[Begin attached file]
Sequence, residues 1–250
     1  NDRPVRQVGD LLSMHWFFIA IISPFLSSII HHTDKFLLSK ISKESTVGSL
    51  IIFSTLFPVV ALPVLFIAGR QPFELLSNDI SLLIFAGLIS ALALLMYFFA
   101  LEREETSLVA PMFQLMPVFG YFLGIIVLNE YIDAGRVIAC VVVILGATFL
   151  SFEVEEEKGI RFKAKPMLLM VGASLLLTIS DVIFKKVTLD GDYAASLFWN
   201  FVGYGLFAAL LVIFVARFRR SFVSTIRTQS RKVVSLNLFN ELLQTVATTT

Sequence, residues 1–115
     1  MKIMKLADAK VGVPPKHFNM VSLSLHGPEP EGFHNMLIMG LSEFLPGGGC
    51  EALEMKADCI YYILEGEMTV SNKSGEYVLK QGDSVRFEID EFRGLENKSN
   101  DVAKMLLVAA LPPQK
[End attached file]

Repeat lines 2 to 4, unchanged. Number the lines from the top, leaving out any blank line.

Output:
     1  NDRPVRQVGD LLSMHWFFIA IISPFLSSII HHTDKFLLSK ISKESTVGSL
    51  IIFSTLFPVV ALPVLFIAGR QPFELLSNDI SLLIFAGLIS ALALLMYFFA
   101  LEREETSLVA PMFQLMPVFG YFLGIIVLNE YIDAGRVIAC VVVILGATFL